A recent study by San Diego State University found that half of the local community college students surveyed faced some level of food insecurity over the past 30 days.
So Grossmont and Cuyamaca colleges in East County are setting up food pantries to help needy students, and the public’s aid is being sought.
Cuyamaca College’s Harvest Pantry began Monday, the first day of the fall semester. Grossmont College’s Gizmo Kitchen kicks off Friday with a noon-2 p.m. grand opening in Griffin Gate in the student center.Both pantries are in health services offices in each college’s student center. (Bldg. 60-130 at Grossmont College; I-134 at Cuyamaca College.)
“These food pantries are critically needed at our colleges,” said district Chancellor Cindy Miles. “We assist students in other ways through scholarships and emergency grants for unexpected expenses, but until now, we haven’t had the resources to help with basic sustenance. Students who are hungry can’t focus on their studies.”
The two East County colleges are stocking their pantries with the help of the Foundation for Grossmont & Cuyamaca Colleges, the philanthropic arm of the college district, student government and the San Diego Food Bank, but are also seeking donations of non-perishable food and drinks, including snacks, bottled water and fruit juices.
“We have had students referred to us by teachers and other departments in the past, but we had minimal resources — granola bars/water — available here at Health Services,” said Cuyamaca College Health Services supervisor Lori Senini.
Grossmont and Cuyamaca colleges were among 70 community colleges from 24 states that took part in a large-scale survey conducted in 2016 by the Wisconsin HOPE Lab at the University of Wisconsin-Madison and the Association of Community College Trustees.
That survey found that of the 700 students at the East County colleges who responded, more than 60 percent reported a low or very low level of food security in the past 30 days. The colleges’ numbers exceeded the regional and national figures of 58 percent and 56 percent, respectively.
Such reports have brought food insecurity to the attention of educational leaders and community colleges across the country are taking steps to address the food crisis.
Last fall, Cuyamaca College started a pantry by the EOPS/CARE offices that was maintained through donations from college staff. EOPS and CARE are both state-funded student assistance programs located at all 114 California community colleges.
The college also decided to take a collaborative approach to address food insecurities among students and established the campus-wide food pantry.
The collaboration between the various student services departments — financial aid, EOPS/CARE, Student Affairs, the Health and Wellness Center, CalWorks, Veterans Services and others — has also improved student access to information and services related to food and housing challenges.
Senini said the collaboration will continue with the campus-wide Harvest Pantry keeping shelves stocked for EOPS/CARE students. Currently, the pantry is stocked to handle 50-100 students per week, an amount she said should be sustainable with regular visits to the San Diego Food Bank, donations and the startup of First Friday events to encourage faculty and staff to contribute to the food pantry, as well as to the college’s supply of free toiletries and clothing for students in need.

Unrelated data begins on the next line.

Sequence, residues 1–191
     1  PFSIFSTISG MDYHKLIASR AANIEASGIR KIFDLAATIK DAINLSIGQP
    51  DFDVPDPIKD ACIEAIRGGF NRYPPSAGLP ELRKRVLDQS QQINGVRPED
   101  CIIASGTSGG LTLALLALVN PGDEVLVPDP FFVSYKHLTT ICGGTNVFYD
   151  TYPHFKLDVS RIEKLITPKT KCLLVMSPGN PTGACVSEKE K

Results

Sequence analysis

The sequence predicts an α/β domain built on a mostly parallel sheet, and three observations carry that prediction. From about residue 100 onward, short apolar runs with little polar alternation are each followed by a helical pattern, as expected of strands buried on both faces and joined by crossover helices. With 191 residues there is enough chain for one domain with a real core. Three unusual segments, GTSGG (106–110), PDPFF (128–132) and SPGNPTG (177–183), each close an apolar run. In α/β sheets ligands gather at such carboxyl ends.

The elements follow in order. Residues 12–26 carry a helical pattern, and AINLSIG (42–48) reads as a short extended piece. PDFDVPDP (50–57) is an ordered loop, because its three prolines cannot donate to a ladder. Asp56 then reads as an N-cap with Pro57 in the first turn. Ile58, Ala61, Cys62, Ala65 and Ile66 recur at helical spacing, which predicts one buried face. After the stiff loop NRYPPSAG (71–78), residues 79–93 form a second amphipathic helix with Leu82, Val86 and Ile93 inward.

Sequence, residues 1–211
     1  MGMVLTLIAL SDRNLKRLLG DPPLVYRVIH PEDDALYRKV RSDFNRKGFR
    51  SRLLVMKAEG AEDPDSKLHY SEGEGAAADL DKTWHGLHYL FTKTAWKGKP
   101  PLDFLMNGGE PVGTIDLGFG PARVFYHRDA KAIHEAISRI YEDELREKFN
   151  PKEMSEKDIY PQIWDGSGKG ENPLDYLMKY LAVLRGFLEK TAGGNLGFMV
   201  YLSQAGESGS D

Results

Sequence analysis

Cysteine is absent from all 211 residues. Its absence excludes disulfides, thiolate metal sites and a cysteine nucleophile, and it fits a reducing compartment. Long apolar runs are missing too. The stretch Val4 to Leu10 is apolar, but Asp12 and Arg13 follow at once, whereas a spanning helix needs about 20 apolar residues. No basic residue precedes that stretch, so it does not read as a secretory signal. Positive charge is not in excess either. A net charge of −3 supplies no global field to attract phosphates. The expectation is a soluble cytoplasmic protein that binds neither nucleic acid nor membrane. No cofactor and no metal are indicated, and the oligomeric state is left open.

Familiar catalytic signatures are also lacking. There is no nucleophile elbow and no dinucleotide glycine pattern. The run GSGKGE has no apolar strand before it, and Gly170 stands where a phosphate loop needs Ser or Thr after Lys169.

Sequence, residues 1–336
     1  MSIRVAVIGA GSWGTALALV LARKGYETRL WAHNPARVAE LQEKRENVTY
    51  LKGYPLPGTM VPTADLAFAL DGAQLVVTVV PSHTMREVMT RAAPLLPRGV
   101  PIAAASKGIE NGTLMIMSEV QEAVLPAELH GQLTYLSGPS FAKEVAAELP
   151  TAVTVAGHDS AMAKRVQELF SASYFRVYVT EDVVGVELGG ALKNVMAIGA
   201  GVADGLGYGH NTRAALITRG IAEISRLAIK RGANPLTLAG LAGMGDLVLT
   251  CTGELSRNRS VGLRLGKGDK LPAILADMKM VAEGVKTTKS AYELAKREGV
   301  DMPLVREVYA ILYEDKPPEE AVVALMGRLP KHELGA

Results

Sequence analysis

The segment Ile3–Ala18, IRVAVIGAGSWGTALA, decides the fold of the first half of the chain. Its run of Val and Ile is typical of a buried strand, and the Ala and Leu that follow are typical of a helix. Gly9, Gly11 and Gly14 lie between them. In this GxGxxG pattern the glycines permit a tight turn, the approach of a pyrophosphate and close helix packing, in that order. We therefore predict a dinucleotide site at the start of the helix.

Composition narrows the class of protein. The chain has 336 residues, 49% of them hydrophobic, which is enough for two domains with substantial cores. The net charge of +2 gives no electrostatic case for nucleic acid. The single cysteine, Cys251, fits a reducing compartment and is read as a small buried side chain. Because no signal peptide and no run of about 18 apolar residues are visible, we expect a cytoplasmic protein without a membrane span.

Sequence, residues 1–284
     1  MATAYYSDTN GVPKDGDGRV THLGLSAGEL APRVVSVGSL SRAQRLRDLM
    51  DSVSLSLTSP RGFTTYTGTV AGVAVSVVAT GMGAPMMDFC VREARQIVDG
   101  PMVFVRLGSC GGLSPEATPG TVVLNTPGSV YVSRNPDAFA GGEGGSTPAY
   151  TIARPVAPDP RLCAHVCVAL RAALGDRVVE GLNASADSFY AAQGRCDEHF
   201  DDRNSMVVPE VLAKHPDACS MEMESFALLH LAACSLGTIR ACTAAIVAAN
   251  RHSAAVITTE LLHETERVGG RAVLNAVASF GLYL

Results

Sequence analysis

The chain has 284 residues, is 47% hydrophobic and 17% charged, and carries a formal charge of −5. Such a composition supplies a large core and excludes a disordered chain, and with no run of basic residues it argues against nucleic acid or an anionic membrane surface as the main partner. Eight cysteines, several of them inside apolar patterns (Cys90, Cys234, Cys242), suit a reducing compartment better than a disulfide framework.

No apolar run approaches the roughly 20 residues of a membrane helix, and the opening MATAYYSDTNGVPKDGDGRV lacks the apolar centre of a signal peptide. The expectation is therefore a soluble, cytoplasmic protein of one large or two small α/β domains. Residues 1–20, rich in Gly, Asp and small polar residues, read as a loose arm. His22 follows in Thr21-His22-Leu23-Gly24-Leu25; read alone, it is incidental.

The Harvest Pantry will be available to any students on a once-weekly basis who is enrolled at Cuyamaca College. The college welcomes donations of non-perishable canned foods and snacks; breakfast cereals and oatmeal; rice, pasta, potatoes and lentils; and fruit juices, bottled waters and packets of hot chocolate.
Grossmont College is offering a “grab and go” student food pantry providing prepackaged items suitable for an on-campus lunch or meal. Free food and toiletries will be available to any currently enrolled students on a once-weekly basis.
Student Engagement Coordinator Susan Berry said the Office of Student Affairs is working with faculty to get classrooms involved in food drives. Berry said outside vendors are also contributing, including Woodstock Pizza with coupons for free pizzas and a share of its sales at athletic events.
“We have a variety of plans in place to ensure the sustainability of the food pantry,” Berry said. “Eventually we will also be doing monthly fresh foods and a community breakfast free of charge to help our students in need.”
The community is invited to the Aug. 25 grand opening, where they can drop off donations and write notes of encouragement to place inside the food bags going to the students.
The college also welcomes grocery store gift cards or monetary donations to the Foundation for Grossmont & Cuyamaca Colleges for the Grossmont Food Pantry. Donations of food on Gizmo’s Kitchen’s approved shopping list may be dropped off at the Associated Students of Grossmont College office (Bldg. 60-116) during business hours.
Due to space limitations, donations are requested of only items on the shopping list. They include non-perishable items such as packets or pop-top cans of tuna and chicken, microwavable soup with easy-open tops, beef/turkey/pork jerky; individual cups or snack-sized trail mix; apple sauce, dried fruits and fruit cups; microwavable packets or cups of rice, pasta, ravioli, and macaroni and cheese; snack sizes of chips, cookies, granola bars and microwave popcorn.
Cases of bottled water, hot chocolate and tea packets, instant coffee and drink enhancer packets such as Gatorade and Crystal Lite will also be accepted.
Toiletries, plastic silverware and other items on the shopping list are also welcome. Contact Student Engagement Coordinator Susan Berry for more information.
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